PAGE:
Will vs Going to – Difference and Comparison

What is “Will?”

The word “Will” is a short but powerful word that can be used in several ways. It is a verb that expresses a person’s intention, desire, or decision to do something. It is also used to express a command, an order, or a request.

As a verb, “will” can express a promise or a desire to take action. For example, “I will go to the store tomorrow” or “I will call you when I get there.” This use of the word implies a commitment to act.

The word “will” can also express a command, an order, or a request. For example, “You will do as I say” or “Will you please help me?” In this context, the speaker is asking the recipient to act and is expecting compliance.

The word “will” can also be used to express a prediction or a belief. For example, “The sun will rise tomorrow” or “I think he will win the race.” In this context, the speaker expresses a belief or an opinion rather than a command.

Finally, the word “will” can express a wish, a hope, or a desire. For example, “I wish I will find a new job soon” or “I hope she will be happy.” In this context, the speaker is expressing a hope or a desire rather than a command.

What is ‘Going to?’

The phrase “going to” is used in various contexts, but it primarily expresses an intention to do something in the future. It can also be used to talk about the future in general, to make predictions, and to discuss plans and arrangements.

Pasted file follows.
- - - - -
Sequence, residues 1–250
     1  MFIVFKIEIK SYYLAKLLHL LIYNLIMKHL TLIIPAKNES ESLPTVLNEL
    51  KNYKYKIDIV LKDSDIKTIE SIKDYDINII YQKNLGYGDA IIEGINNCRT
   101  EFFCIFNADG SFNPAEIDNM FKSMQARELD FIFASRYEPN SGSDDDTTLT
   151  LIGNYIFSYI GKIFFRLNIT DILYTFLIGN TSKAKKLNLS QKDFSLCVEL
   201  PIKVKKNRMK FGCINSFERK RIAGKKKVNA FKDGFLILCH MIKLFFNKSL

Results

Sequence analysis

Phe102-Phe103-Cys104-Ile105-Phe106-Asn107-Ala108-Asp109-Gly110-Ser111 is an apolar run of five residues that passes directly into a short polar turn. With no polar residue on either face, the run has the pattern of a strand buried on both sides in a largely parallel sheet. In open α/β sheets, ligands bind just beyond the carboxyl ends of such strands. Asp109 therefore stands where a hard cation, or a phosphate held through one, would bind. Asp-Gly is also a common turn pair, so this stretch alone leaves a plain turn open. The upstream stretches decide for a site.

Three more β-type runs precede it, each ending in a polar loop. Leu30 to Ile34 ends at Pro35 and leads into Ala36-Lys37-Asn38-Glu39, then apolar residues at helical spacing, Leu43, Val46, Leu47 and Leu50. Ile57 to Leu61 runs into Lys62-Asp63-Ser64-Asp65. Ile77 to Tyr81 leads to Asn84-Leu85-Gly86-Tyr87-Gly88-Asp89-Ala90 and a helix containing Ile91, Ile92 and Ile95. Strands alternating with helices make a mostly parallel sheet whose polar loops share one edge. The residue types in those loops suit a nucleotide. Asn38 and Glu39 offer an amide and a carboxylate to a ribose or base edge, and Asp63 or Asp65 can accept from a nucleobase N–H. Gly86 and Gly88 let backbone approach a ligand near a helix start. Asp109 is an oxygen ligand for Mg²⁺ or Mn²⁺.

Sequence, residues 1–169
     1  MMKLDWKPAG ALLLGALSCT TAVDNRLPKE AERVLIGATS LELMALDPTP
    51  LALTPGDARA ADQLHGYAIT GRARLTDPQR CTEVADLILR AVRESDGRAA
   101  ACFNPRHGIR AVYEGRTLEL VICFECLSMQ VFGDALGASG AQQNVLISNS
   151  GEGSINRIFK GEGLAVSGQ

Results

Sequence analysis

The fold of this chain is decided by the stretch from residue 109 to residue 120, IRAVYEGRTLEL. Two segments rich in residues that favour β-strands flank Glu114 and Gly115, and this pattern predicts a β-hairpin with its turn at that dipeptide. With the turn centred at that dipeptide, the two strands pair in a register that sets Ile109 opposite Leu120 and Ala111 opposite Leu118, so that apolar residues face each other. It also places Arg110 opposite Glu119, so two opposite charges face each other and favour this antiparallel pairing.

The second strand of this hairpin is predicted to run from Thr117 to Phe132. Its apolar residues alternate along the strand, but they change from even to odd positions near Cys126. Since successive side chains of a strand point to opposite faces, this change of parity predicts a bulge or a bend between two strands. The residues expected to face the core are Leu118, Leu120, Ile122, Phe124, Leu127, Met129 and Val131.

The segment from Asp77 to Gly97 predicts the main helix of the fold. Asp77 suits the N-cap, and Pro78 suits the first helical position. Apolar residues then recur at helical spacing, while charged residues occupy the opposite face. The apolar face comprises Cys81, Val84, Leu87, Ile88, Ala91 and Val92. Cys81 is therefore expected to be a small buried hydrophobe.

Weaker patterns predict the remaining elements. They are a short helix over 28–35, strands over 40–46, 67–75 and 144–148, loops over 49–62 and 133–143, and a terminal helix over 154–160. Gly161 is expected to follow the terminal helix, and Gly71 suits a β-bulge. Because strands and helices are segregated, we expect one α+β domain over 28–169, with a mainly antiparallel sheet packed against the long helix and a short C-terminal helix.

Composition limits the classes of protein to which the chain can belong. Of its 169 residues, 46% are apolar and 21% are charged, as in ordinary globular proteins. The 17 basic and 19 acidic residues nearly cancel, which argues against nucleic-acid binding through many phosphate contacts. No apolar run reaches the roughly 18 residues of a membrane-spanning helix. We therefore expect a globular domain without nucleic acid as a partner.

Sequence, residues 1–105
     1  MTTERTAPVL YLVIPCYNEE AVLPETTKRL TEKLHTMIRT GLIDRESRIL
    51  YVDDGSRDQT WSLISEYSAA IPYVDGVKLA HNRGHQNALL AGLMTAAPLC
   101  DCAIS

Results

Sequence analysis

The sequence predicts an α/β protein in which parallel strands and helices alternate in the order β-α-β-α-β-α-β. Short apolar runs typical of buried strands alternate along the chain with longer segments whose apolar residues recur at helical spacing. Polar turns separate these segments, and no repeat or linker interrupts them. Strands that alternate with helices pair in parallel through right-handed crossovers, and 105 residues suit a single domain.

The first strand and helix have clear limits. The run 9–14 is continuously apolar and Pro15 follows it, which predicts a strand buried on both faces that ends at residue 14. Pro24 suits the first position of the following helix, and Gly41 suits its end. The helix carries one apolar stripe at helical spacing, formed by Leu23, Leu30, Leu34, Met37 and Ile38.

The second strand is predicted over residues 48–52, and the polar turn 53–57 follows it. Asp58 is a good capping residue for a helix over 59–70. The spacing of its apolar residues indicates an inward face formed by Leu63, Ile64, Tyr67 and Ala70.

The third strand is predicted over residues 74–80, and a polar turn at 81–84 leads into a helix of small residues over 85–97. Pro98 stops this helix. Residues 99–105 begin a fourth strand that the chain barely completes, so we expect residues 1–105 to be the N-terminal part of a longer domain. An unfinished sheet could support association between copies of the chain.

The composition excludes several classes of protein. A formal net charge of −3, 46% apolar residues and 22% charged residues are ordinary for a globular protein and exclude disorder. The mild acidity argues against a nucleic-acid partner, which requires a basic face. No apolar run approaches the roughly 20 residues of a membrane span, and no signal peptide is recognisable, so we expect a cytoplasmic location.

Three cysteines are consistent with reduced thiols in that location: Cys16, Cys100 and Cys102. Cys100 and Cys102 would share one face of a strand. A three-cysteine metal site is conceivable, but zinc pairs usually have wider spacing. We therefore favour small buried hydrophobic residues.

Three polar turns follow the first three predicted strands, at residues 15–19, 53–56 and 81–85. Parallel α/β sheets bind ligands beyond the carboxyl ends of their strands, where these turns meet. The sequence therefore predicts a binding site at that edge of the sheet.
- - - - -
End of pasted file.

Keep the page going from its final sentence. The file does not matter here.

When expressing an intention or plan to do something, the phrase “going to” is followed by a verb in its infinitive form. For example, “I’m going to go shopping tomorrow” or “We’re going to have a picnic this weekend.” Here, the speaker has a specific plan or intention in mind.

The phrase “going to” can also be used to make predictions. For example, “It’s going to rain tomorrow” or “The team is going to win the championship.” In these cases, the speaker has no direct control over the outcome, but they feel confident that the prediction will come true.

Finally, “going to” can be used to talk about pre-arranged plans or arrangements. For example, “I’m going to the movies with my friends tonight” or “We’re going to have dinner at my grandmother’s house on Sunday.” In these cases, the plans have already been made and agreed upon.

Difference Between “Will” and “Going to”

  1. “Will” is used to express a decision or intention, while “Going to” is used to express a choice based on present evidence.
  2. “Will” expresses a future event that will occur shortly, while “Going to” is more flexible and can express an event that will happen soon.
  3. “Will “is more spontaneous, while “Going to” expresses something that is planned.
  4. “Will” is a modal verb, while going to is not.
  5. “Will” is more formal, while “Going to” is more informal.

Comparison Between “Will” and “Going to”

Parameters of comparison  WillGoing to
Intention“Will” expresses a firm intention“Going to” conveys a less specific sense.
Certainty“Will” expresses something sure to happen.“Going to,” says something likely to happen.
Use“Will” expresses promises, offers, and requests.“Going to” is used to express plans and intentions.
Grammatical structure“Will” is used with a simple verb.“Going to” is used with a verb phrase.
Emphasis“Will” is used to emphasize the speaker’s intention.“Going to” emphasizes the speaker’s plan or purpose.


  1. Research into practice: Grammar learning and teaching | Language Teaching | Cambridge Core
  2. Second Language Grammar | Learning and Teaching | William E. Rutherfor (taylorfrancis.com)